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Grow Your Business Using the Power of Content

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As a business owner, I understand how hard it can be today to stand out and build your brand’s profile and authority. To cut through the noise and attract the right kinds of clients and customers, brands big at small need to embrace the power of writing and storytelling more than ever. 


In 1997, I wrote an article for a magazine. The magazine paid me a reasonable $500 fee for my work. But, the article’s real value was to signal my authority and expertise. A client read that article and then hired me. They were happy with the results. The article initially established the client’s trust in my abilities. Once I delivered that initial value, they hired me again and again. That one article led to thousands of dollars’ worth of business from that company over the next 10 years.


Since then, I’ve blogged consistently and written 14 books. Writing has helped my business, in quantitative and qualitative ways. I can measure revenue from articles and point to new clients. I can also point to building brand equity and authority from my writing.


Today, I want to share a few of the biggest lessons I’ve learned about content – lessons any solopreneur, small business, or even larger company can harness to build their brand and drive revenue. Here are four ways you can start tapping into the power of content to raise your profile and attract more clients you’ll want to work with.


1. Not blogging? It’s never too late to start


Blogging is an accessible and inexpensive way to build an audience, teach and serve your target market, and promote your products and services. The key is to be consistent. If you’ve done little to no blogging and your site doesn’t get much traffic, then you need to build up a cache of content first.


My rule of thumb for new bloggers is to write and publish five blog posts a week on your site for an entire year. They can be as short as 300 to 500 words each. Then you’ll have 250 pieces of content you can share widely to grow traffic, readership, and interest among your target audience. It shouldn’t take a whole year before you start seeing results, but it’s important to commit to the content creation and publication.


If you’re already attracting a good number of people to your site, you can get away with a lighter cadence – say, once a week. But if you’re just starting out, until you build up that cache of blog articles and get into a rhythm, search engines like Google are not going to pay any attention to you. You might need to consider cross-blogging on other people’s platforms, such as Medium and LinkedIn.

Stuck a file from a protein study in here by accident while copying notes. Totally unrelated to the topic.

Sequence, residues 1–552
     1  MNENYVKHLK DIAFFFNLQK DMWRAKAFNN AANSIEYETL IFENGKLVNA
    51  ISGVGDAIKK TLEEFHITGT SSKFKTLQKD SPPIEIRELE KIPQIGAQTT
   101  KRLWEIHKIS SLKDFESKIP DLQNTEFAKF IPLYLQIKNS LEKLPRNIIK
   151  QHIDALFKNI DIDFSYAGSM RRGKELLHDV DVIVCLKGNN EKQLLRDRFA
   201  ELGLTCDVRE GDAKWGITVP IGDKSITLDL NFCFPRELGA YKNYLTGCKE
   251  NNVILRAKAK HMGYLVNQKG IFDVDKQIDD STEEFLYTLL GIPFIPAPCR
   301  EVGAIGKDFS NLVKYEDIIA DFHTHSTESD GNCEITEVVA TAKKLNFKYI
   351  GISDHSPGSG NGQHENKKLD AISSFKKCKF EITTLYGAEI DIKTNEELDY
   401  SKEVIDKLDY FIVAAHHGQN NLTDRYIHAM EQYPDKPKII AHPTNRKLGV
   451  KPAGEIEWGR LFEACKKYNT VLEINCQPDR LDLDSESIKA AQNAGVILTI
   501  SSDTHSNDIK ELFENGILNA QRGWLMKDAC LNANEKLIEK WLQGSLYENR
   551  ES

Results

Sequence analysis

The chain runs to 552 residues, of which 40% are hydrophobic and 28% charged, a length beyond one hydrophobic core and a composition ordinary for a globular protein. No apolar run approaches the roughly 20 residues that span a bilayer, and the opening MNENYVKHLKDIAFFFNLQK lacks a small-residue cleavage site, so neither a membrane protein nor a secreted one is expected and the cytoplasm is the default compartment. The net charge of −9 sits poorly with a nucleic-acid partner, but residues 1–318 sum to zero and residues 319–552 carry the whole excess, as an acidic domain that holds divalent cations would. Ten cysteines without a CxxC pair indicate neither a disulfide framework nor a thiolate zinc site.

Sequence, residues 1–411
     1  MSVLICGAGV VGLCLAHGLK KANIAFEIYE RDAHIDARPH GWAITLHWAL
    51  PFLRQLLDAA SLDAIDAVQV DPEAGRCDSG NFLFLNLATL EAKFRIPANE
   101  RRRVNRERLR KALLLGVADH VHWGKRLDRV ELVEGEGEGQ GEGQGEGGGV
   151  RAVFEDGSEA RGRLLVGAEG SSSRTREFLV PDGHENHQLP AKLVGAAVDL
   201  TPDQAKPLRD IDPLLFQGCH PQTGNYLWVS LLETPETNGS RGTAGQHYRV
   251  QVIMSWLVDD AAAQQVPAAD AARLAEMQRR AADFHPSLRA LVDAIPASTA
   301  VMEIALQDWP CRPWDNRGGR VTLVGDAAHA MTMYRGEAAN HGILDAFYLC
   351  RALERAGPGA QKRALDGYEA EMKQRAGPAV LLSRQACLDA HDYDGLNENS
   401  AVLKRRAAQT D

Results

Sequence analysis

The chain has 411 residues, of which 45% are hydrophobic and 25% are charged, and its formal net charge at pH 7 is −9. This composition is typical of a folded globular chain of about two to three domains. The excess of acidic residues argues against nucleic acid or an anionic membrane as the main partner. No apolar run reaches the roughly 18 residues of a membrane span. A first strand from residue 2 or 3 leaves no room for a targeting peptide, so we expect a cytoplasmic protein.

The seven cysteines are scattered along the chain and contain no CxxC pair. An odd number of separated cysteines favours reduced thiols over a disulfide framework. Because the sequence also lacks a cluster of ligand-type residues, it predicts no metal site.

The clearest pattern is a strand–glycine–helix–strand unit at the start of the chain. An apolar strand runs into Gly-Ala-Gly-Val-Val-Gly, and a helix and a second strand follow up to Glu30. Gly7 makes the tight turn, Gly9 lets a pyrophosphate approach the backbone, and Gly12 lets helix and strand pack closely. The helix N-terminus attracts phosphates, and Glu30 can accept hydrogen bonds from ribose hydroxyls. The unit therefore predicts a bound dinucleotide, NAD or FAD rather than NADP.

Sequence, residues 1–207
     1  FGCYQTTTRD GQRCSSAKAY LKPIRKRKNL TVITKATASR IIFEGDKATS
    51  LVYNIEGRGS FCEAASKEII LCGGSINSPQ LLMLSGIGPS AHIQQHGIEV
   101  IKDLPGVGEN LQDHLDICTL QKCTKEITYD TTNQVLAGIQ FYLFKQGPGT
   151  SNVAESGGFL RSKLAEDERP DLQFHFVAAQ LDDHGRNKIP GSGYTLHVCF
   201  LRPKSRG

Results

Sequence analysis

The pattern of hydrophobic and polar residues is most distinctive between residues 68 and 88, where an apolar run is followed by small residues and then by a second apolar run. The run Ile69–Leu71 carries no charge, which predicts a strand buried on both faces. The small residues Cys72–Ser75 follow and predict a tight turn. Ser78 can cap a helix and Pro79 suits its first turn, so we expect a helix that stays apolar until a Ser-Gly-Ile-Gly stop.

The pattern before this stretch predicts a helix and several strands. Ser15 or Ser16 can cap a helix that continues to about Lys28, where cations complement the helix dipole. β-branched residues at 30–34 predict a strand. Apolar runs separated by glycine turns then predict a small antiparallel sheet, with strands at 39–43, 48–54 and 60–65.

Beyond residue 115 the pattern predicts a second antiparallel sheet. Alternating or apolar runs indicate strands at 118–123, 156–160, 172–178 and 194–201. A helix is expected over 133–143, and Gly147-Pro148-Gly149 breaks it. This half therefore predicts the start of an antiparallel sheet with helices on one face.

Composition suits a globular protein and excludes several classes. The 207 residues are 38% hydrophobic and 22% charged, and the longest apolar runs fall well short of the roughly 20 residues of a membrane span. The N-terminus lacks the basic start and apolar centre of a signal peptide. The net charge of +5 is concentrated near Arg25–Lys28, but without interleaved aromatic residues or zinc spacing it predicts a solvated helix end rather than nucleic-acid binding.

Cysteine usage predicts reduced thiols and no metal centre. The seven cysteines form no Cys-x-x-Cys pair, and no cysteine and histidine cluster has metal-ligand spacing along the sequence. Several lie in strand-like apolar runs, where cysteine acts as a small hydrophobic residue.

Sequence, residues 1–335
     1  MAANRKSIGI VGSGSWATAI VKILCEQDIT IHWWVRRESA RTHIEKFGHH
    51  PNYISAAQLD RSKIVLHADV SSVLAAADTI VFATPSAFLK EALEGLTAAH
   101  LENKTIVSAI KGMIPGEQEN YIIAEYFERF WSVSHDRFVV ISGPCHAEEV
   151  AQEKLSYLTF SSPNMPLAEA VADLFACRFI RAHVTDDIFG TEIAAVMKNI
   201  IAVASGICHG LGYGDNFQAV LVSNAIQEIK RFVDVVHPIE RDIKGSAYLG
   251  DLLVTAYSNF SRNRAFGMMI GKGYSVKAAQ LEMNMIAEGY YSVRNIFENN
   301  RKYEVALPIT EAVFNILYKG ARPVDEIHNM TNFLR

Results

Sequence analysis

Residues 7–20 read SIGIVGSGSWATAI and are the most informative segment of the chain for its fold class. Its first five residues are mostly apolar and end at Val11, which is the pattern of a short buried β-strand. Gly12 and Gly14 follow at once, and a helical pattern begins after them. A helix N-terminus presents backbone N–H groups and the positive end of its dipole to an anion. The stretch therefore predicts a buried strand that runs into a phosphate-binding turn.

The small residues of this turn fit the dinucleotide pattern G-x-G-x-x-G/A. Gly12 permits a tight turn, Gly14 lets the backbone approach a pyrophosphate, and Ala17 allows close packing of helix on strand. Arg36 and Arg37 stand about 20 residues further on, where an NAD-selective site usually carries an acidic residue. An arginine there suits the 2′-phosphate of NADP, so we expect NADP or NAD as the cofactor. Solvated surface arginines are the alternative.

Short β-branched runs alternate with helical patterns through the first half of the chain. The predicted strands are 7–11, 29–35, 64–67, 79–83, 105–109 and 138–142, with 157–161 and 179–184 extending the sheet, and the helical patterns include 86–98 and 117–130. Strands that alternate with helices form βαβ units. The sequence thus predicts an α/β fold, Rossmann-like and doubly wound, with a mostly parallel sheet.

But above all, it’s not too late to get started, and your efforts will start paying dividends before long.


2. Find your writers, and let them loose


It’s a question that seems simplistic but looms large for many organizations trying to get started with content: How do you identify the people who will help you create awesome content? How do you find your writers?


For solopreneurs and smaller businesses, this is easy. If you’re the only one in the business, then the buck stops with you! Even if the company is made up of a smaller cohort, perhaps eight or nine people aligned around one or two “big names,” then I recommend having everyone on the team do some writing. This helps each person build their personal authority, which also enhances the company’s image.


The big names, however, can present a special challenge. These people already have authority and name recognition, so having their name on your content can be especially valuable for the brand. What these folks don’t tend to have is time. Since they’re usually the busiest, others on the team often need to support their leaders in the writing process, whether through idea generation, editing and feedback, and even ghostwriting.


If your organization is on the larger side – let’s say a hundred employees or more, it can be harder to identify the star writers. How do you find the people with the stories in a larger organization? I like to ask people in product and customer-facing roles –product developers, both programmers and testers, tech support – to talk about the problems they see and solve on a daily basis. This gives your readers a glimpse into how things work in your business, which can make your content much more engaging.